New Years Eve has come and gone with the hopes of multitudes that somehow the new year will be less crappy than the old one. How many millions of people will start their (really serious) diets today, or their new exercise programs, or vow to stop smoking, or stop over-drinking, or get their finances in order, or in general get their lives in order. I go to a gym most days, and invariably, I see a large increased traffic in January that usually lasts until early to mid-February before it begins to fade back to normal as people vowing to get fit slowly but surely realize that an arbitrary demarcation in the calendar doesn’t really change their lives.

Here in Las Vegas New Years Eve is really a big deal. Tens of thousands of people come here to celebrate the coming of the new year. If they’re staying in a hotel, visitors are required to take the room for at least 3-4 nights a truly mind boggling prices, and that”s before they throw more money away in the casinos. (You said there was a recession?) The Las Vegas Strip is closed to automobile traffic so people can parade up and down the Strip whooping it up.  At midnight they put on a very expensive and impressive fire-works display which may last all of 10 minutes. When I was younger I had thoughts of going down to the Strip and joining the mob with a bottle of scotch in my hand. But it would have meant renting a hotel room (because otherwise there would be no place to park) for at least a couple of thousand  so I quickly decided it really wasn’t worth it. This year they estimated that there was over 300,000 people on the Strip so I probably would have gotten claustrophobia anyhow.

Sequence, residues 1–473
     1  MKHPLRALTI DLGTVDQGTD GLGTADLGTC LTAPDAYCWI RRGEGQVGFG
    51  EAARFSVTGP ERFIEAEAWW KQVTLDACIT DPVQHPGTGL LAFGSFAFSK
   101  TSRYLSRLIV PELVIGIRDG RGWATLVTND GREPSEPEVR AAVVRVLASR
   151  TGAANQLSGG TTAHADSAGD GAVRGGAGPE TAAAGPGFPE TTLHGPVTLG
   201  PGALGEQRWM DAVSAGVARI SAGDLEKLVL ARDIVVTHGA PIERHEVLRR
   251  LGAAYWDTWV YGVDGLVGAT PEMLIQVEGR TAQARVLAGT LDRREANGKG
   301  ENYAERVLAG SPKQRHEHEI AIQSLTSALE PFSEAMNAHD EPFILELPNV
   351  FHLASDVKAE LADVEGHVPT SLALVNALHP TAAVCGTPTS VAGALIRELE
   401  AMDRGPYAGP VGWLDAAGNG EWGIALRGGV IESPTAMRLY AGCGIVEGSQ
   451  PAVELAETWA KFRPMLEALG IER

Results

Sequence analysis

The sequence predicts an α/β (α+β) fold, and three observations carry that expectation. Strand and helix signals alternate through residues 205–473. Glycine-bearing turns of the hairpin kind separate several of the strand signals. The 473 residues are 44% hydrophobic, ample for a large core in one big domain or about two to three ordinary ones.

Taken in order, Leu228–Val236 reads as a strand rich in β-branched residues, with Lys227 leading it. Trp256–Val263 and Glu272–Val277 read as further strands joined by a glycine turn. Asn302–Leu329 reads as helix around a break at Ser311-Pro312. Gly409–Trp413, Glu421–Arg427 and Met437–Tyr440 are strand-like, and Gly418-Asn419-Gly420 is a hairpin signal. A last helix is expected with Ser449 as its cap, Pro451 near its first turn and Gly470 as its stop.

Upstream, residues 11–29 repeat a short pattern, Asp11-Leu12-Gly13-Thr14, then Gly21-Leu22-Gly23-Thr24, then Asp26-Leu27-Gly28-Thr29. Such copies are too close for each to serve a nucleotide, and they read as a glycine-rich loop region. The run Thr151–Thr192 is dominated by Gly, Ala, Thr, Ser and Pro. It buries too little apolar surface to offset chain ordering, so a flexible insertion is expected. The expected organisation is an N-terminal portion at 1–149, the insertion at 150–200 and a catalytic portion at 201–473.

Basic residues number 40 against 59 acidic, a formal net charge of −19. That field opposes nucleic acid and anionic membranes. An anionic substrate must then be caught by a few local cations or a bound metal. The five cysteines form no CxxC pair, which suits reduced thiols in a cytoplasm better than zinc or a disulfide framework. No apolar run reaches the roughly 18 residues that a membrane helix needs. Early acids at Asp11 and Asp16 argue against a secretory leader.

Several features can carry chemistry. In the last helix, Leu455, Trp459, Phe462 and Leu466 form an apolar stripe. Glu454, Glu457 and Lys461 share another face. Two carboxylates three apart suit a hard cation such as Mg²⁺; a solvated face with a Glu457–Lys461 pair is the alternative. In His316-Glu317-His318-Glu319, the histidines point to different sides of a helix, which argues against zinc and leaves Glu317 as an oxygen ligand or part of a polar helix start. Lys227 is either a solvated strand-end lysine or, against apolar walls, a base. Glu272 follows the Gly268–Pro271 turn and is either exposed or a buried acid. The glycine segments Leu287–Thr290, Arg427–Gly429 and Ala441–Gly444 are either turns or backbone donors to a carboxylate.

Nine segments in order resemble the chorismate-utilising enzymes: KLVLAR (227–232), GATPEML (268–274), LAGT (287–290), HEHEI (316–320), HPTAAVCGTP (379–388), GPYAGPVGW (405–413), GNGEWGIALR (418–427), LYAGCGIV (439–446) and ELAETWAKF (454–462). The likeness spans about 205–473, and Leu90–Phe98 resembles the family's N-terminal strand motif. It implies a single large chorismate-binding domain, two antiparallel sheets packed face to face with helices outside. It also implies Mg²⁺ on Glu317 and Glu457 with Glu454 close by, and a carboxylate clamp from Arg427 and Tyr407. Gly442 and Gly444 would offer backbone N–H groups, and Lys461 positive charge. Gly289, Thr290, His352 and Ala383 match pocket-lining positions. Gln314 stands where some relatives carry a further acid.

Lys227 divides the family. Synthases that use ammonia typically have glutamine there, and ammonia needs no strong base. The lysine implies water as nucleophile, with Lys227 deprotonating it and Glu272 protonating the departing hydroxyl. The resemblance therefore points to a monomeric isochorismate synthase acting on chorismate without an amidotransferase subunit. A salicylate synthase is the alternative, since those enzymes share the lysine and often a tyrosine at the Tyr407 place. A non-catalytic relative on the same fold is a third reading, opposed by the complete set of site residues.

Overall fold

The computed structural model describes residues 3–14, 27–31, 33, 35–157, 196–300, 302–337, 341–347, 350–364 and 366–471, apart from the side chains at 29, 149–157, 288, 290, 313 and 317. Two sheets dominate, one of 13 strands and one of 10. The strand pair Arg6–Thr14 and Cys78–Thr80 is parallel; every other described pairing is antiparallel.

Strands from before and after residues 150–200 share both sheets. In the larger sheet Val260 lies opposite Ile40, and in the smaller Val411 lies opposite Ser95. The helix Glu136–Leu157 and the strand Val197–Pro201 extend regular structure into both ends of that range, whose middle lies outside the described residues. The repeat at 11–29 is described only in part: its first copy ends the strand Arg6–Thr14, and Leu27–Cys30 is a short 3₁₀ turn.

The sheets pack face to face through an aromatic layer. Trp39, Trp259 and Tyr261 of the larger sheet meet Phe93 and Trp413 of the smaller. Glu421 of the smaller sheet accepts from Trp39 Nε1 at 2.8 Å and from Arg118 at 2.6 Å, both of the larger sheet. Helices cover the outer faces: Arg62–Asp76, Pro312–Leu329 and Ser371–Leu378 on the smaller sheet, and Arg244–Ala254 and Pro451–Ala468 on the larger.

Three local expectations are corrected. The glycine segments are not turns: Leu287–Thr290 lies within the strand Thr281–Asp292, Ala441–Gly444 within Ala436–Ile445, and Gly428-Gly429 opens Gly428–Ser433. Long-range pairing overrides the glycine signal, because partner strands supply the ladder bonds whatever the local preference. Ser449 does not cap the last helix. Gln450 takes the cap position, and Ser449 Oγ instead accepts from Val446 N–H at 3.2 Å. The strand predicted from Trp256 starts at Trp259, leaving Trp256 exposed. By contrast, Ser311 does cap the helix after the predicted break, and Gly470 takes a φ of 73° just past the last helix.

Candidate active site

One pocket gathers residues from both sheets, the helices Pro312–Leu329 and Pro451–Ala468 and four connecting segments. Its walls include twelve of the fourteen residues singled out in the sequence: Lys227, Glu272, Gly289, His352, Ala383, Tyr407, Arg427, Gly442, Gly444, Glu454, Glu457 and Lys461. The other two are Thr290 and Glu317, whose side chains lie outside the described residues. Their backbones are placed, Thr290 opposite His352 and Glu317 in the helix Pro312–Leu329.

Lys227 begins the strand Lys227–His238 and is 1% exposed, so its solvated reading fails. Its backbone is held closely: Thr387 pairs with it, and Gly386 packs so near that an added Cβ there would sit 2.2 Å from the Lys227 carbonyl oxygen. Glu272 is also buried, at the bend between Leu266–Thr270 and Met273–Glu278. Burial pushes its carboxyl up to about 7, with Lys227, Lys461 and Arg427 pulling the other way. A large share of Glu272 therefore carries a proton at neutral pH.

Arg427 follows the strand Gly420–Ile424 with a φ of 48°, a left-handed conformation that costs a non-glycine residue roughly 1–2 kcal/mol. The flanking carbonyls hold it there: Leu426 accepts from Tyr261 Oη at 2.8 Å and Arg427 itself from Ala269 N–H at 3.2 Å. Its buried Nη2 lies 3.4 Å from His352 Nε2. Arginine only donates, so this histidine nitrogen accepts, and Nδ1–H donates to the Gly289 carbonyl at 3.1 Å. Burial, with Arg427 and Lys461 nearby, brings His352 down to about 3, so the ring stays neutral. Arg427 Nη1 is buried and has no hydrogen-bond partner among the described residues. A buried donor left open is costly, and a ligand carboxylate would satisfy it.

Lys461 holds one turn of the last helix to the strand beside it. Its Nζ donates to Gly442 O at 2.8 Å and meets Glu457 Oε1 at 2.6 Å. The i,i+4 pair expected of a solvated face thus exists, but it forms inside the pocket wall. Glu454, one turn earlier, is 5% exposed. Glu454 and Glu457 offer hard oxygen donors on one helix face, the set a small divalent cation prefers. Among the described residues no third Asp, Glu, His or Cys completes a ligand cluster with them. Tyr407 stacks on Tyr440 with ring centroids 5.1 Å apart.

Instead we and 3 other senior couples went for dinner in one of the local hotels. We have been doing this for several years so we were pretty much pros at ordering, eating and paying for our New Years Eve dinner but there were a couple of problems. One was that they had a special price-fixed dinner (instead of their usual menu) which was about 3 times the price it normally costs to eat there. Secondly even though it was an Italian restaurant, strangely, there was no Italian entree. That should have been a warning because the dinner turned out to be quite mediocre, but hey, it only costs 3 times more than it should. After, we had planned to go to one of their houses to watch the fireworks on TV, but instead we forgot (that senior thing again) and just went home.

Years ago there was a cartoon strip (called B.C.) and one of its features was an ant-eater that perpetually had an angry scowl on his face as he foraged for ants. And there was always a group of ants that were gleefully jumping up and down celebrating one thing or another. Eventually the ant-eater would overhear the celebration and think to himself-“Do I hear frivolity going on?”  He would creep in closer with his angry look and sure enough spy frivolity as the oblivious ants kept jumping up and down in joy over something. Then ZAP, as the anteater’s long tongue would shoot out, gobble up all the ants and swallow them in a split second. I think it was the cartoonist’s vision of what life was all about. If you’re too oblivious in in your celebrations life is bound to get you.

So for all the crumbling resolutions that will inevitably occur and for all the faded dreams that will expire as everyone’s life eventually turns back to reality, not to worry. There will be another New Years Eve before you know and then things will definitely get better the following year. Won’t it?

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